Cream the shortening and add sugar gradually. Add the egg and almond extract and beat the mixture very well. (Stir in green food coloring a drop at a time until the desired color.) Sift flour, baking powder and salt and gradually add to the first mixture. Stir until blended well. Fill a MIRRO Cookie press. Form cookies in desired shapes onto ungreased cookie sheets, decorate with candies and bake at 375 degrees F for 10-12 minutes.

November 24, 2012 UPDATE

When I was a little girl, my grandmother was heavily into baking and, like the cookies above, the other cookies she made were from recipes that were about a zillion years old. I’ve tried to find them but I fear they may have been lost to the flood this past summer. I remember her recipe book being filled with brittle old yellow pages with handwritten notes by my great grandparents and great great grandparents. Some were introduced to the family in the 60s or 70s, like the Hershey kiss cookies, but others, like the shortbread cookies or the Russian tea cookies, were from the nineteenth century. I can’t eat peanut butter, so the recipe is not accurate to what I ate, but I think my grandmother used either shortbread dough or sugar cookie dough.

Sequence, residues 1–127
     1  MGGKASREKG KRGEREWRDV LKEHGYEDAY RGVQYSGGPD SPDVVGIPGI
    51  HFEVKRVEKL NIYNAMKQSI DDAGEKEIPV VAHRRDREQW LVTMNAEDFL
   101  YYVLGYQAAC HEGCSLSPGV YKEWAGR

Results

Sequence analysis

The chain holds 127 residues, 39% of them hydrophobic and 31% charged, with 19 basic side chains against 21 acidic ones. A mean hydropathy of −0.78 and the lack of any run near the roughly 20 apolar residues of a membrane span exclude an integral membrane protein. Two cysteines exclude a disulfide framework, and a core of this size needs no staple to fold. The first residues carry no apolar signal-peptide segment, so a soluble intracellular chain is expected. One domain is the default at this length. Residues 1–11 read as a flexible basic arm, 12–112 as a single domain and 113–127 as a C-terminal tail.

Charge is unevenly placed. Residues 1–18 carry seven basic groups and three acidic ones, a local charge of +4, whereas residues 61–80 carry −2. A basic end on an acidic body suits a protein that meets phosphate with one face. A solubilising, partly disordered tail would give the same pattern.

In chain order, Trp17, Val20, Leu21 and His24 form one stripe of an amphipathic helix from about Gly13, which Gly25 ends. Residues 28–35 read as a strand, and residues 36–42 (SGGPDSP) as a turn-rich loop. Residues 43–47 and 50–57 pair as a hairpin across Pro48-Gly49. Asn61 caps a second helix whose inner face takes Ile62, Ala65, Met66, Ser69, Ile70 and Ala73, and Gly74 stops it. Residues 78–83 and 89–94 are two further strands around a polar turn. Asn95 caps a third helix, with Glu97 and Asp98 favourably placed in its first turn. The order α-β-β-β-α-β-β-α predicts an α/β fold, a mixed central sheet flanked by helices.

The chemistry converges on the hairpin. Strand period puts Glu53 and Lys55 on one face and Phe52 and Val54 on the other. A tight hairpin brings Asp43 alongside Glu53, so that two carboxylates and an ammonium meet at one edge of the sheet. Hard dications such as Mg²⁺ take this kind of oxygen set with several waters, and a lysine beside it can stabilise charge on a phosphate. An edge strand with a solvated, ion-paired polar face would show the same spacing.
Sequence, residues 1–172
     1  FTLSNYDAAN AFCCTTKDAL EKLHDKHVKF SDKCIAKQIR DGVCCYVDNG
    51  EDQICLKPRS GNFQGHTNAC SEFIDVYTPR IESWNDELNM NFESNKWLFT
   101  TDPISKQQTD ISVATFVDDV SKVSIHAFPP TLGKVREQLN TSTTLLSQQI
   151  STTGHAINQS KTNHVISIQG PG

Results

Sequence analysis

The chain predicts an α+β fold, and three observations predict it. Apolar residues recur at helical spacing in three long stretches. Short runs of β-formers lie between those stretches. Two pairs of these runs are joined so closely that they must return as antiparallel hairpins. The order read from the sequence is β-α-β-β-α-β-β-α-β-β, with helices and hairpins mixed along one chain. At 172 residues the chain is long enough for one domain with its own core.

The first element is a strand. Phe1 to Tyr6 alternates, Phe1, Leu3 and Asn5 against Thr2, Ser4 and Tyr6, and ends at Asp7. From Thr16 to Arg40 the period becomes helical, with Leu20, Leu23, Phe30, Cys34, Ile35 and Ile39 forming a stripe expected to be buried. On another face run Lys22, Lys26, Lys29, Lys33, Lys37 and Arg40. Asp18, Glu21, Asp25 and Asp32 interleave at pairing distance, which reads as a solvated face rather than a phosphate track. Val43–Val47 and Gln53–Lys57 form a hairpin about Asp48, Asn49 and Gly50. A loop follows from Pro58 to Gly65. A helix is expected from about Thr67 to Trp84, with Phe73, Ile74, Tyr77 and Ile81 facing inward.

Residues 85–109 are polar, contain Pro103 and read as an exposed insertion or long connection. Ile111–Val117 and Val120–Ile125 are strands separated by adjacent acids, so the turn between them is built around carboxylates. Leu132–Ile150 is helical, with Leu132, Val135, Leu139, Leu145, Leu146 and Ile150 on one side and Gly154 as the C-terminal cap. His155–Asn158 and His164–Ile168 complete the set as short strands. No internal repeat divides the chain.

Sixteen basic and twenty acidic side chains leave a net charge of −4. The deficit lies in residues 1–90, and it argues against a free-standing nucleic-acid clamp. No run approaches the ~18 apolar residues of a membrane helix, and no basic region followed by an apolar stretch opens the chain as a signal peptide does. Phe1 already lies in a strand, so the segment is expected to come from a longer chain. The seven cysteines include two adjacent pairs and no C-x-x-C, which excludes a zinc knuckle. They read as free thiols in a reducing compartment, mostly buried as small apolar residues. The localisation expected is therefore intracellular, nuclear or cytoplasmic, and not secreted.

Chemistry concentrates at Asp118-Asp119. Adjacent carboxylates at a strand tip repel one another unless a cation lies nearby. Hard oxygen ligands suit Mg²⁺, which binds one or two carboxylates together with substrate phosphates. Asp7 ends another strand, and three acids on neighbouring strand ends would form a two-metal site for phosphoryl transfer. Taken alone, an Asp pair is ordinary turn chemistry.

48  Hershey kisses
1/2 cup shortening
3/4 cup creamy peanut butter
1/3 cup granulated sugar
1/3 cup packed light brown sugar
1 egg
2 tablespoons milk
1 teaspoon vanilla extract
1-1/2 cups all-purpose flour
1 teaspoon baking soda
1/2 teaspoon salt
Additional granulated sugar

Heat oven to 375°F. Remove wrappers from chocolates. Beat shortening and peanut butter in large bowl until well blended. Add 1/3 cup granulated sugar and brown sugar; beat until fluffy. Add egg, milk and vanilla; beat well. Stir together flour, baking soda and salt; gradually beat into peanut butter mixture. Shape dough into 1-inch balls. Roll in granulated sugar; place on ungreased cookie sheet. Bake 8 to 10 minutes or until lightly browned. Immediately press a chocolate into center of each cookie; cookie will crack around edges. Remove from cookie sheet to wire rack. Cool completely. About 4 dozen cookies.


1 cup butter softened
1/2 cup powdered sugar for dough + 1/2 cup for rolling
1+1/2 tsp vanilla
2 cups flour
1 dash salt
1/2 tsp baking powder
3/4 cup finely chopped pecans or walnuts